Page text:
Finally, on a non-alcohol related front, I decided to start a book club for people who enjoy books about history, like me! Our first read is a historical fiction novel called All the Light We Cannot See by Anthony Doerr, a WWII story about a young blind French girl and a German boy whose lives intersect in the midst of the devastation of war. Get your hands on the book and give it a read, then we’ll discuss it on the social medias and youtubes! For more books I’m thinking about reading for the club, check out my goodreads bookshelf called struggling arch book club. Feel free to send me suggestions too, I’d love to hear them!
So that’s it, enjoy the episode and enjoy some great beer while listening. Here are some links from this podcast that you may want to visit-
Check out The Struggling Archaeologist on the new Archaeology Podcast Network, along with lots of other great archaeology podcasts. And, as always, follow me on twitter, tumblr, and facebook, because that’s what the cool kids do.
Jan 19 2015
Rank #6: Episode 17 “Great Odin’s Raven- it’s Archaeology 101!
Hi friends, welcome to Episode 17 of The Struggling Archaeologist’s Guide to Getting Dirty Podcast “Great Odin’s Raven-it’s Archaeology 101!”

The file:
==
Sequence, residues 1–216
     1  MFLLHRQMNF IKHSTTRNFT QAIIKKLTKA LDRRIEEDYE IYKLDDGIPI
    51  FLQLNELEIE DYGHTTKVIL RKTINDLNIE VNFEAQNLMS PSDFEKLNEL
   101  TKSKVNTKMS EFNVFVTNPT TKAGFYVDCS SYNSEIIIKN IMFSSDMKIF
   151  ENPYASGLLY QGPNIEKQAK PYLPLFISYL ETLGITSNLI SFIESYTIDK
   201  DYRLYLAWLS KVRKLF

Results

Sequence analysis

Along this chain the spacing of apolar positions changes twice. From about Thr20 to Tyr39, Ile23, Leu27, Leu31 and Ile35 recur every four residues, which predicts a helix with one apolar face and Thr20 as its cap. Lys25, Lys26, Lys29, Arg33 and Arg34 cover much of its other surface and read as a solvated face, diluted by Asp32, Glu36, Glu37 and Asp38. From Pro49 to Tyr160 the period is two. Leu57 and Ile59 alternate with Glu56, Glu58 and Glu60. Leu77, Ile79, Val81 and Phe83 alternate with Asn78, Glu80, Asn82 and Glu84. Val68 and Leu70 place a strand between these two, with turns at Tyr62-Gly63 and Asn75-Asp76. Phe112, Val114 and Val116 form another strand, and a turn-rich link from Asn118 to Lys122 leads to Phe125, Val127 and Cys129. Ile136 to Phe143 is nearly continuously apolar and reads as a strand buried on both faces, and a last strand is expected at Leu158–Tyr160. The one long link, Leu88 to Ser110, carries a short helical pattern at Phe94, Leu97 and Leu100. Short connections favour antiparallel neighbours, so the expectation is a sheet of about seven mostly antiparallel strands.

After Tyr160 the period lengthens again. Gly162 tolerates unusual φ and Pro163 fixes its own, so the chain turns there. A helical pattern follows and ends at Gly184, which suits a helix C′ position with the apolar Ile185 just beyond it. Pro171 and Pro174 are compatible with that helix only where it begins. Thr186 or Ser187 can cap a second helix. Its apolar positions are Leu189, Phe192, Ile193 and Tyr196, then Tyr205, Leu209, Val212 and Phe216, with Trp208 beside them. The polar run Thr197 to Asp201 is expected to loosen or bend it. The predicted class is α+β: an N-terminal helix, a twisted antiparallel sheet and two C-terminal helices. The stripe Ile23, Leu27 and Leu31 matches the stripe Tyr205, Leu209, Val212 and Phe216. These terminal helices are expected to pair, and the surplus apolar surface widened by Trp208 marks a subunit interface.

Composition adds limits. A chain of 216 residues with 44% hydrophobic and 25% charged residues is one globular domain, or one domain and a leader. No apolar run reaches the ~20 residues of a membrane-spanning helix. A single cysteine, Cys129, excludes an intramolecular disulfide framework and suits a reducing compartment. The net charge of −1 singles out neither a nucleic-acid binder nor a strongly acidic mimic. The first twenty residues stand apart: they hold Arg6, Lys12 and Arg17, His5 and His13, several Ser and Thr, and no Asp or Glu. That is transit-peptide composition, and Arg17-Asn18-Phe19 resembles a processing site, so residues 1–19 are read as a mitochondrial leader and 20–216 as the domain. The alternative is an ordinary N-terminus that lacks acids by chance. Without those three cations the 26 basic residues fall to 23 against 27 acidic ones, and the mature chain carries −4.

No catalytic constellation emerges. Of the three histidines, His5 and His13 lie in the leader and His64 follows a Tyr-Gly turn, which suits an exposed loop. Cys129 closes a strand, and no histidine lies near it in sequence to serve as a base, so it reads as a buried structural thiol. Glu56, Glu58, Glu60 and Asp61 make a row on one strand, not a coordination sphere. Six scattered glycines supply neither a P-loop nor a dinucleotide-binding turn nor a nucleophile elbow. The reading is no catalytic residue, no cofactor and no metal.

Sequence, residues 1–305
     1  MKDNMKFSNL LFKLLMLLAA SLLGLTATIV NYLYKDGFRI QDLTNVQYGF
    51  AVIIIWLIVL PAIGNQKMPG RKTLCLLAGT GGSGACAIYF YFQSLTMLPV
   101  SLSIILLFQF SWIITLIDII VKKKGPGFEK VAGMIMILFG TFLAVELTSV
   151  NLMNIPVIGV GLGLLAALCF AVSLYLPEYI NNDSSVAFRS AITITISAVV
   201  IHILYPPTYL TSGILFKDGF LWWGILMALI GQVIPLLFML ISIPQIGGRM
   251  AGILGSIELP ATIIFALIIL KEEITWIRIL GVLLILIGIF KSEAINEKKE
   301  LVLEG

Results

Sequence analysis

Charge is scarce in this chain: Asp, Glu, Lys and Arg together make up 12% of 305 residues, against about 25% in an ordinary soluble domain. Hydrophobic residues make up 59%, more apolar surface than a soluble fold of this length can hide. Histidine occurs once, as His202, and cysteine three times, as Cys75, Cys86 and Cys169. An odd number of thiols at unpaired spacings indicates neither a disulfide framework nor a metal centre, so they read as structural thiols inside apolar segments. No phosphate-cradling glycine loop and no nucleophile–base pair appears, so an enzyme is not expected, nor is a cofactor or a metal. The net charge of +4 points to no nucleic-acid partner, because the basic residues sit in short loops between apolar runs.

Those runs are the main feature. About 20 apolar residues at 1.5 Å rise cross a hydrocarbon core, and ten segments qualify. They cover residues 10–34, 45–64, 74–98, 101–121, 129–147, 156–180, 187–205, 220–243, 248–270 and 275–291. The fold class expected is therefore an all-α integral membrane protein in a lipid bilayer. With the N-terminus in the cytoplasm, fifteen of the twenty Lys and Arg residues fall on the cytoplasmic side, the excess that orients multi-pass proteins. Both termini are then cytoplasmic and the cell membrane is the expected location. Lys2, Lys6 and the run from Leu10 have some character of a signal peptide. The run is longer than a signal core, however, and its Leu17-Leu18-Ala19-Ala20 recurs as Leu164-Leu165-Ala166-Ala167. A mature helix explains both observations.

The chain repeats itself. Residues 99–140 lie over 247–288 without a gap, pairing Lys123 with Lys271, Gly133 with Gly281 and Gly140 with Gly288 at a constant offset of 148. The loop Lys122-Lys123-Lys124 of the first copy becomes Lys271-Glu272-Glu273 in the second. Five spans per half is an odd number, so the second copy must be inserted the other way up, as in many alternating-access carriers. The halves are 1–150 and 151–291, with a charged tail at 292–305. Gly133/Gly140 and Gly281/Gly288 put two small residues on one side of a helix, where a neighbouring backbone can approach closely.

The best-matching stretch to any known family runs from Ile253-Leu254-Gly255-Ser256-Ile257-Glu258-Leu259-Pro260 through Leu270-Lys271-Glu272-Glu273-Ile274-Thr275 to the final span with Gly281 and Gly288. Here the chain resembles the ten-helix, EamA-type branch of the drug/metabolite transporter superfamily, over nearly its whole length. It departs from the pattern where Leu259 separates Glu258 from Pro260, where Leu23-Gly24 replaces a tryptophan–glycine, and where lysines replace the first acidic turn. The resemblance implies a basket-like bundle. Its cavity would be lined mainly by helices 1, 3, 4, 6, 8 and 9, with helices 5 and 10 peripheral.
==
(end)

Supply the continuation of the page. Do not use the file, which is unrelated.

In this fun filled episode we tackle some of the basics of excavation, with a focus on why archaeology and geology are old friends- and how this makes us better at what we do. It’s like taking that Archaeology 101 class you never got around to in college! (Unless you actually did take that class, then it’s more of a review of things you probably already know…sorry). In this new segment “Back to Basics with Jenny” I get all lectury on your asses while I impart some sweet knowledge on you like:
- How did our knowledge of stratification and the geological time scale come to be?
- How does this relate to dating, fossils, and artifacts?
- What does any of this have to do with archaeology?
- Why is Ken Ham a jerk face?